Also, don't neglect the smaller sequencers. A few companies (Xaoc and Ladik come to mind) offer 4-step sequencers...and at first, that might seem really underfeatured. But if you use something like a clock counter (this sort of thing: https://www.modulargrid.net/e/emw-pulse-counter) to step it, you can then sequence your harmonic patterns by using the 4-banger to shift the other sequencer(s) global pitch CV. So, those are just PERFECT for stepping through typical chord changes, especially where you only have 3-4 chords in the track.

Great comments above! Thanks!!

One above that especially suites my direction is @Ronin1973's suggestion "Having separate trigger/clock sequencers and separate CV/pitch sequencers allows sequencing to be deconstructed into its elements. I use a Temps Utile running either a Euclidean, step, or logic functions to drive a Memitic Digitalus from Noise Engineering. There are trigger inputs on the MD that control step advance, reset, or even skipping around +-4 steps, or randomly." That "decoupling" of pitch and rhythm information is very appealing to me.

I'm running around this weekend but will need to give these comments further reflection soon.

In the meantime, can I invite some comments from @JimHowell1970, @troux, @GarfieldModular, @farkas and others? The folks I've named, I maybe recall seeing some older posts of yours on similar topics?

Any further ideas to add to the above, along the topic "what great can look like" with a multi-sequencer setup?

Much appreciated!!

Hi Nick. I can definitely recommend multiple sequencers. I have several different CV and gate sequencers.
I especially like to use the Acid Rain Switchblade to switch back and forth between a programmed melodic pitch sequence on the Winter Modular Eloquencer and the WMD Arpitecht while improvising live techno stuff. I also use a Low Gain Short Bus to combine gate patterns from multiple gate sequencers to "crossfade" between different drum patterns or add trigger bursts for rolls and that kind of thing. There are all sorts of cool tricks that I'm figuring out by combining and switching sequences.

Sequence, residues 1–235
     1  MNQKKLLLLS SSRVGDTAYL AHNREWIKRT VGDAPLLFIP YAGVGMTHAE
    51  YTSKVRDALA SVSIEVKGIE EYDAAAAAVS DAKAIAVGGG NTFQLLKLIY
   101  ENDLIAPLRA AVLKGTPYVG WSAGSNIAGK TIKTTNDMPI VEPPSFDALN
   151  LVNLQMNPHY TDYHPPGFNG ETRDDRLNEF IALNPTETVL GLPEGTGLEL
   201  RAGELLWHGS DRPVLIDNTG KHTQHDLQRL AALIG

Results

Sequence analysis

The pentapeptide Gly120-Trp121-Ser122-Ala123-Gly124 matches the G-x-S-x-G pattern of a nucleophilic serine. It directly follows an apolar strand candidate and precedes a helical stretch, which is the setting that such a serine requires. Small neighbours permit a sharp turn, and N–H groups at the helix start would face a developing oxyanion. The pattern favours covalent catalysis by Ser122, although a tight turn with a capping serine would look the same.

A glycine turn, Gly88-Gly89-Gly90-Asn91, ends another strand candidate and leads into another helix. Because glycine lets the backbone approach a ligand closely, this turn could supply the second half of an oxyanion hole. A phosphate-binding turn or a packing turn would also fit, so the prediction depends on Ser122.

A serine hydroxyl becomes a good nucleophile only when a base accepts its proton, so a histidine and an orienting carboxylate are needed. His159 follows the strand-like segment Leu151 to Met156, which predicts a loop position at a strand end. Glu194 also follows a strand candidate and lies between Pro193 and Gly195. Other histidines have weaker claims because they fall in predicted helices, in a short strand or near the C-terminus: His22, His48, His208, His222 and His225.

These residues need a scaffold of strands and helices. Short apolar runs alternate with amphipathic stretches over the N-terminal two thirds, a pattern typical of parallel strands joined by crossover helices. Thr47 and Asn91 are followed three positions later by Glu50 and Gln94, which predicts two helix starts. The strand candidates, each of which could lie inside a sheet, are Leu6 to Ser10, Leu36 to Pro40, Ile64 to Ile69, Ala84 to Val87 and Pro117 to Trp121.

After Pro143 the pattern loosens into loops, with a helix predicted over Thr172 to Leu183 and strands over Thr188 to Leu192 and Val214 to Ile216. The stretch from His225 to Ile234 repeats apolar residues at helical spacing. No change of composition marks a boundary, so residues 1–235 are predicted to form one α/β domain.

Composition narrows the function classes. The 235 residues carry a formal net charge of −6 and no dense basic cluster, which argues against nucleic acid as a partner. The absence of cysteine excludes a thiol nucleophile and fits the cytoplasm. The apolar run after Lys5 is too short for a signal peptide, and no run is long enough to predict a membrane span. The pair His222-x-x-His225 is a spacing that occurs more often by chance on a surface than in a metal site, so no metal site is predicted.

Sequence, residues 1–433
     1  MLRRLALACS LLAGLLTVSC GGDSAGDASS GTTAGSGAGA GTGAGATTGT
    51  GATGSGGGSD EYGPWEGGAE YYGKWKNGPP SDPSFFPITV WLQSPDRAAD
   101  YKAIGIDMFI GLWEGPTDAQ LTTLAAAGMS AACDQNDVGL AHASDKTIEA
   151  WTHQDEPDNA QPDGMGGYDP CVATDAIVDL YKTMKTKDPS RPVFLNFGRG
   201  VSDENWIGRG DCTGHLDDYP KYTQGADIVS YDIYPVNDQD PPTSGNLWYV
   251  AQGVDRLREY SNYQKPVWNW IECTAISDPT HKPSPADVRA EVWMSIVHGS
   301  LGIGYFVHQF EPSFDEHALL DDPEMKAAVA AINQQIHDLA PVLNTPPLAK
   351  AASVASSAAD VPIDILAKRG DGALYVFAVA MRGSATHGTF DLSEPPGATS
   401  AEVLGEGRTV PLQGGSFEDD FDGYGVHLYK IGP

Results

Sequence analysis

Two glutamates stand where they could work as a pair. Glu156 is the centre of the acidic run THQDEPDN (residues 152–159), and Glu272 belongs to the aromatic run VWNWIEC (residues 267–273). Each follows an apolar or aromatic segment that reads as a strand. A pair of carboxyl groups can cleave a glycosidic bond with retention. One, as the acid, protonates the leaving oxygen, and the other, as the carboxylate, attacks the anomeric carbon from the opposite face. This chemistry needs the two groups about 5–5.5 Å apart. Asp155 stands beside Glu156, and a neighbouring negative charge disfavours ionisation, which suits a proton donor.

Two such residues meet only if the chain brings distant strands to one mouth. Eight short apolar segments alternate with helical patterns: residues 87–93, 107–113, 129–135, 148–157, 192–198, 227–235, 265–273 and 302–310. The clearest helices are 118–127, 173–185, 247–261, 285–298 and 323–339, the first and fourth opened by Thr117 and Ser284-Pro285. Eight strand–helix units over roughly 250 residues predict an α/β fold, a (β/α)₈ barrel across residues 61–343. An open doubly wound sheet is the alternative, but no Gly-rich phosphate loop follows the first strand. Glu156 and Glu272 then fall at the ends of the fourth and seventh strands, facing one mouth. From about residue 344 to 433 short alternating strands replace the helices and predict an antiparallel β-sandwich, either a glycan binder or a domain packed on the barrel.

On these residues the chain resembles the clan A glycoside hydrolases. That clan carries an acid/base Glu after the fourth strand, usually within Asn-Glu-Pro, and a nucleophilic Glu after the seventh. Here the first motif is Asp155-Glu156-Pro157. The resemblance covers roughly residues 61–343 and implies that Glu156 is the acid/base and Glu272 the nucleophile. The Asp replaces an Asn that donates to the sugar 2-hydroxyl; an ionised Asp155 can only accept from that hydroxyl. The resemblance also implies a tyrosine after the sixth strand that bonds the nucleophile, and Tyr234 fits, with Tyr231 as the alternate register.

Have fun and good luck.

Aw, man ... I just did this big write-up with my thoughts on about 10 different sequencing modules I've owned or do own, and the cookie timed out while I was writing it and when I went to post, it evaporated. :(

The short version: I'm also new to modular, and yeah, having multiple sequencers is fun and useful. My favorite so far, especially in terms of bang-for-the-buck, is the Sequence 8 by Synthrotek. I got mine for $150 and it has per-step CV outputs, 3 independent CV sequence outputs with individual limiters/attenuators, random mode, trigger or gate, reset button & CV trigger ... it's great for its price. It also feels really solidly made and in my opinion looks cool, though it does take up a little space.